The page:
25. Foucault, Michel. 1991. Discipline and Punish: The Birth of the Prison. Translated by Alan Sheridan. London: Penguin Books.Google Scholar
  26. —. 1999a. “Is It Useless to Revolt?” In Religion and Culture by Michel Foucault, edited by Jeremy R. Carrette, 131–34. New York: Routledge.Google Scholar
  27. —. 1999b. “Pastoral Power and Political Reason.” In Religion and Culture by Michel Foucault, edited by Jeremy R. Carrette, 135–52. New York: Routledge.Google Scholar
  28. —. 1999c. “Philosophy and the Death of God.” In Religion and Culture by Michel Foucault, edited by Jeremy R. Carrette, 85–86. New York: Routledge.Google Scholar
  29. —. 1999d. “A Preface to Transgression.” In Religion and Culture by Michel Foucault, edited by Jeremy R. Carrette, 57–71. New York: Routledge.Google Scholar
  30. —. 2000. “Nietzsche, Genealogy, History.” In Aesthetics, Method, and Epistemology: Essential Works of Foucault, 1954–1984, edited by James Faubion, 369–91. London: Penguin Books.Google Scholar
  31. —. 2002. The Order of Things: An Archaeology of the Human Sciences. London: Routledge.Google Scholar
  32. —. 2003. Abnormal: Lectures at the Collège De France, 1974–1975. Translated by Graham Burchell. Edited by Valerio Marchetti and Antonella Salomoni. New York: Picador.Google Scholar
  33. —. 2005. “Dialogue between Michel Foucault and Baqir Parham.” In Foucault and the Iranian Revolution: Gender and the Seductions of Islamism, edited by Janet Afary and Kevin B. Anderson, 183–89. Chicago: University of Chicago Press.Google Scholar
  34. —. 2007a. History of Madness. Translated by Jonathan Murphy and Jean Khalfa. Edited by Jean Khalfa. London: Routledge.Google Scholar
  35. —. 2007b. Security, Territory, Population: Lectures at the Collège De France, 1977–78. Translated by Graham Burchell. Edited by Michel Senellart. Houndmills, Basingstoke: Palgrave Macmillan.CrossRefGoogle Scholar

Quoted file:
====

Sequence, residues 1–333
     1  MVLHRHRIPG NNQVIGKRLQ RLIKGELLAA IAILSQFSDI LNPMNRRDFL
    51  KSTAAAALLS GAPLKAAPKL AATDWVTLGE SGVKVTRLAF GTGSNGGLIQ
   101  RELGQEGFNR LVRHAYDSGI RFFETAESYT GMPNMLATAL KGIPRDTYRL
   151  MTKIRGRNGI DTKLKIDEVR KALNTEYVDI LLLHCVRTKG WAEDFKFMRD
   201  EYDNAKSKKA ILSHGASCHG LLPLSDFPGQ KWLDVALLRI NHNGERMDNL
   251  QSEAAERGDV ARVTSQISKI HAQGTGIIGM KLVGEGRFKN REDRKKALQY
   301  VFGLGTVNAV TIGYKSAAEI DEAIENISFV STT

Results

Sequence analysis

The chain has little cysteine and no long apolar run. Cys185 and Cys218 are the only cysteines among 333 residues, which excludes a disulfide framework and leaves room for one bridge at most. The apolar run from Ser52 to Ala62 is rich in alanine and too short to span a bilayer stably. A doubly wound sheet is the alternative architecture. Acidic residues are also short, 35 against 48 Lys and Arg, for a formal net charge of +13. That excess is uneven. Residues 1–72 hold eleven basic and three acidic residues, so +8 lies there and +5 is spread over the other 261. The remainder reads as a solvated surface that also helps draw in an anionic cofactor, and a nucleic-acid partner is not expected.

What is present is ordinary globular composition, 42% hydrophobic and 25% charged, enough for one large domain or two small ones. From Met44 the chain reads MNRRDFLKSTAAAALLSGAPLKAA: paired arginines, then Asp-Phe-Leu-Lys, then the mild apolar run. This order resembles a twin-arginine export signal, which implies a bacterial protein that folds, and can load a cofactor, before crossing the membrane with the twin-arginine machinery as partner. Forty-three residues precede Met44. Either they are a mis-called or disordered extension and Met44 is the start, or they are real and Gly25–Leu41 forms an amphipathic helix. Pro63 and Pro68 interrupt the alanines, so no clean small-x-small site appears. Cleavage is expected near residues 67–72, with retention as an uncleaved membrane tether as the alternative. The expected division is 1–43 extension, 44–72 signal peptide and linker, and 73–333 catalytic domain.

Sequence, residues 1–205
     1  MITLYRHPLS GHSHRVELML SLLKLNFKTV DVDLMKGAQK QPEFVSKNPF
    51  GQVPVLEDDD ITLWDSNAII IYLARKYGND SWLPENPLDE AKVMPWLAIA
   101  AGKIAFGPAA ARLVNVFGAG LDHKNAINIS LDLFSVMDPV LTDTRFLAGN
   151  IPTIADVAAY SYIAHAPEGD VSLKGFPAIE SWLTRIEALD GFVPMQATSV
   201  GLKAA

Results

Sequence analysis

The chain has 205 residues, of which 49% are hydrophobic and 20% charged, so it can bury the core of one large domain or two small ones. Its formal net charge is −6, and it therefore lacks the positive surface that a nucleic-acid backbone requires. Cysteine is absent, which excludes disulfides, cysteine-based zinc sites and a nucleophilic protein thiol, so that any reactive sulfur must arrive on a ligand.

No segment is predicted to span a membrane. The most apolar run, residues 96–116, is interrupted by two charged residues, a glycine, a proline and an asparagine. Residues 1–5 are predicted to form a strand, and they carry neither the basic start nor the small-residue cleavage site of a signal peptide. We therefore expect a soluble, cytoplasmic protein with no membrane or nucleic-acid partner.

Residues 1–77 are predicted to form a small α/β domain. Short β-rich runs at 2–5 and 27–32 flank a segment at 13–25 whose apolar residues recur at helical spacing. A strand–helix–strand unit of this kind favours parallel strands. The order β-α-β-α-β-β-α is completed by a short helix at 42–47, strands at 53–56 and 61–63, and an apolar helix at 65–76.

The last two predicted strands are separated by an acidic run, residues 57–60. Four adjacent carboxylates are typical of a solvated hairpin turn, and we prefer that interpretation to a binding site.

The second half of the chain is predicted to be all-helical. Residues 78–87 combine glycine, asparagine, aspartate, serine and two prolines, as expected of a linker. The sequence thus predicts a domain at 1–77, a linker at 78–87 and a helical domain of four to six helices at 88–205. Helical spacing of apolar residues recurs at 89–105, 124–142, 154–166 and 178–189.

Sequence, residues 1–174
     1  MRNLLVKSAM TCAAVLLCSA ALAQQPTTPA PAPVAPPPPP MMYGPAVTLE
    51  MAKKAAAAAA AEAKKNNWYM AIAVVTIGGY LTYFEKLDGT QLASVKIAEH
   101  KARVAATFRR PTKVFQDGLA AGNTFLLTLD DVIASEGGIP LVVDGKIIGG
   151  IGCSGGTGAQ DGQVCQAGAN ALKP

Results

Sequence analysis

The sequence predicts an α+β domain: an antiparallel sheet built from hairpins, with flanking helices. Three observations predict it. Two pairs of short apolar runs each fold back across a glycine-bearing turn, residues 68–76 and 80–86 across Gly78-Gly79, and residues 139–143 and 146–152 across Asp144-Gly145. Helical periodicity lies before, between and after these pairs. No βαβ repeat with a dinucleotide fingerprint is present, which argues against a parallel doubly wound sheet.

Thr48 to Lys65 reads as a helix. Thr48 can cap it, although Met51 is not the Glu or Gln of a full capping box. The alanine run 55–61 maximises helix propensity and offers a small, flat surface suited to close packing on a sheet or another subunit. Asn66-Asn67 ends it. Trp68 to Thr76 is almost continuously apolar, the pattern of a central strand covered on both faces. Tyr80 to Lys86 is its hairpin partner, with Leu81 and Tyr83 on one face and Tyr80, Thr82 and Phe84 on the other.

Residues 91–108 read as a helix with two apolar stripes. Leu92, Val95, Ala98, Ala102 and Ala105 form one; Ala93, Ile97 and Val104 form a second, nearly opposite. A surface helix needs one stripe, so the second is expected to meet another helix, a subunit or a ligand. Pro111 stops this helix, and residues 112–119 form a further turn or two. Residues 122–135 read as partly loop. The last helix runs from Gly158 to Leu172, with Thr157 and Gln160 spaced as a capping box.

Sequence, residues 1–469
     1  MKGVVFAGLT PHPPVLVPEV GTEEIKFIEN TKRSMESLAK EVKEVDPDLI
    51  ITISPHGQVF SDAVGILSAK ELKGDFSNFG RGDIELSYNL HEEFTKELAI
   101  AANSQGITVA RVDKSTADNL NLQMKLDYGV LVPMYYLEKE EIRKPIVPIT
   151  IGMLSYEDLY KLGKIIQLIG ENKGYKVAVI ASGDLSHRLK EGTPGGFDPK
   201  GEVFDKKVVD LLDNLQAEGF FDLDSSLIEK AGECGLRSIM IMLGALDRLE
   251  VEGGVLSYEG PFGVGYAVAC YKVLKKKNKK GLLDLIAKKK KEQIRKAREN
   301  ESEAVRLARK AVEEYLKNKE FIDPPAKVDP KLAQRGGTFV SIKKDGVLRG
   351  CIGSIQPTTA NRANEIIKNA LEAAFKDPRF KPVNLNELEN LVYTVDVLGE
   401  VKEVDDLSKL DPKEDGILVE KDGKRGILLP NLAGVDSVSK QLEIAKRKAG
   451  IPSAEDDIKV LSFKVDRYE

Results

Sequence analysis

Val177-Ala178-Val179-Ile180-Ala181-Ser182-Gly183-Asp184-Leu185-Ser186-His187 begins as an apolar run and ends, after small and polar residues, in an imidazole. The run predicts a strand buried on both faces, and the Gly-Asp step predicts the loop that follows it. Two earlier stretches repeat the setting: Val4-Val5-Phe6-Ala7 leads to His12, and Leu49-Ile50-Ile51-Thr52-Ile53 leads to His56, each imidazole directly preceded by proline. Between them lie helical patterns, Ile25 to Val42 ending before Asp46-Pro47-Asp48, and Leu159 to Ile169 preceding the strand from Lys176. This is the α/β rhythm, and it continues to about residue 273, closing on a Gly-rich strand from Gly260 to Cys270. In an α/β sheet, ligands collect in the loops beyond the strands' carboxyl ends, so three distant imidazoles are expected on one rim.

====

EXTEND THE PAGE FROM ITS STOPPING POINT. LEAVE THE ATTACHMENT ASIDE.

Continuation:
36. —. 2008. Introduction to Kant’s Anthropology. Translated by Roberto Nigro and Kate Briggs. Los Angeles: Semiotext(e).Google Scholar
  37. Gauchet, Marcel. 1997. The Disenchantment of the World: A Political History of Religion. Translated by Oscar Burge. Princeton: Princeton University Press.Google Scholar
  38. Janicaud, Dominique. 2000. Phenomenology and the “Theological Turn”: The French Debate. New York: Fordham University Press.Google Scholar
  39. Kotsko, Adam. 2010. “Dismantling the Theo-Political Machine: On Agamben’s Messianic Nihilism.” In After the Postsecular and the Postmodern: New Essays in Continental Philosophy of Religion, edited by Anthony Paul Smith and Daniel Whistler, 209–24. Newcastle upon Tyne: Cambridge Scholars.Google Scholar
  40. Lefort, Claude. 1988. Democracy and Political Theory. Translated by David Macey. Cambridge: Polity Press.Google Scholar
  41. Löwith, Karl. 1949. Meaning in History: The Theological Implications of the Philosophy of History. Chicago: University of Chicago Press.Google Scholar
  42. McSweeney, John. 2005. “Foucault and Theology.” Foucault Studies 2: 117–44.Google Scholar
  43. Nancy, Jean-Luc. 2006. “Church, State, Resistance.” In Political Theologies: Public Religions in a Post-Secular World, edited by Hentde Vries and Lawrence E. Sullivan, 102–12. New York: Fordham University Press.CrossRefGoogle Scholar
  44. —. 2008. Dis-Enclosure: The Deconstruction of Christianity. Translated by Bettina Bergo, Gabriel Malenfant, and Michael B. Smith. New York: Fordham University Press.Google Scholar
  45. Negri, Antonio. 2006. “Sovereignty: That Divine Ministry of the Affairs of Earthly Life.” Translated by Gabriele Fadini with Robert Valgenti. Journal of Cultural and Religious Theory 9 (1): 96–100.Google Scholar
  46. Nietzsche, Friedrich. 1974. The Gay Science, with a Prelude in Rhymes and an Appendix of Songs. Translated by Walter Kaufman. New York: Vintage Books.Google Scholar
  47. —. 1990. Twilight of the Idols and the Anti-Christ. Translated by R. J. Hollingdale. London: Penguin Books.Google Scholar
  48. —. 1994. On the Genealogy of Morality. Translated by Carol Diethe. Cambridge: Cambridge University Press.Google Scholar
  49. Owen, David. 2007. Nietzsche’s Genealogy of Morality. Stocksfield: Acumen.Google Scholar
  50. Scott, David, and Charles Hirschkind, editors. 2006. Powers of the Secular Modern: Talal Asad and His Interlocutors. Stanford: Stanford University Press.Google Scholar
  51. Smith, Anthony Paul, and Daniel Whistler. 2010. “What Is Continental Philosophy of Religion Now?” In After the Postsecular and the Postmodern: New Essays in Continental Philosophy of Religion, edited by Anthony Paul Smith and Daniel Whistler, 1–24. Newcastle upon Tyne: Cambridge Scholars.Google Scholar
  52. Stoler, Ann Laura. 1995. Race and the Education of Desire: Foucault’s History of Sexuality and the Colonial Order of Things. Durham: Duke University Press.Google Scholar
  53. Toscano, Alberto. 2011. “Divine Management: Critical Remarks on Giorgio Agamben’s The Kingdom and the Glory.” Angelaki 16 (3): 125–36.Google Scholar

Copyright information

© Timothy Stanley 2015

Authors and Affiliations

  • Matthew Chrulew

There are no affiliations available

Personalised recommendations